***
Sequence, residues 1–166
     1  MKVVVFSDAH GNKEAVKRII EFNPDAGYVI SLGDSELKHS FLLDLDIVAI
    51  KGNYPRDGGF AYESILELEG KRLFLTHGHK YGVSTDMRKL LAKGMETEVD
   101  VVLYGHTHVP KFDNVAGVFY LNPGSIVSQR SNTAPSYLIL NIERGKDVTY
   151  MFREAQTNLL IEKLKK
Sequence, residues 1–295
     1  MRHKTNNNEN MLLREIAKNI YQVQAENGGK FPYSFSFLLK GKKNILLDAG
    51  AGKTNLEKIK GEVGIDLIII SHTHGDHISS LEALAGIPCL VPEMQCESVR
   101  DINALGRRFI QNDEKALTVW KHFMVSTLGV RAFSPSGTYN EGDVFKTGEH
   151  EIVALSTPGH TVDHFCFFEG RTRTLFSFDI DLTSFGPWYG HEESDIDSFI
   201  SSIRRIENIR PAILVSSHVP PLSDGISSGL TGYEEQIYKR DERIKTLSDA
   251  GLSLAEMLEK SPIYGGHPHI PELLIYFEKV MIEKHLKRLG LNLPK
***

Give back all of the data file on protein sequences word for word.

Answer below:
Sequence, residues 1–166
     1  MKVVVFSDAH GNKEAVKRII EFNPDAGYVI SLGDSELKHS FLLDLDIVAI
    51  KGNYPRDGGF AYESILELEG KRLFLTHGHK YGVSTDMRKL LAKGMETEVD
   101  VVLYGHTHVP KFDNVAGVFY LNPGSIVSQR SNTAPSYLIL NIERGKDVTY
   151  MFREAQTNLL IEKLKK
Sequence, residues 1–295
     1  MRHKTNNNEN MLLREIAKNI YQVQAENGGK FPYSFSFLLK GKKNILLDAG
    51  AGKTNLEKIK GEVGIDLIII SHTHGDHISS LEALAGIPCL VPEMQCESVR
   101  DINALGRRFI QNDEKALTVW KHFMVSTLGV RAFSPSGTYN EGDVFKTGEH
   151  EIVALSTPGH TVDHFCFFEG RTRTLFSFDI DLTSFGPWYG HEESDIDSFI
   201  SSIRRIENIR PAILVSSHVP PLSDGISSGL TGYEEQIYKR DERIKTLSDA
   251  GLSLAEMLEK SPIYGGHPHI PELLIYFEKV MIEKHLKRLG LNLPK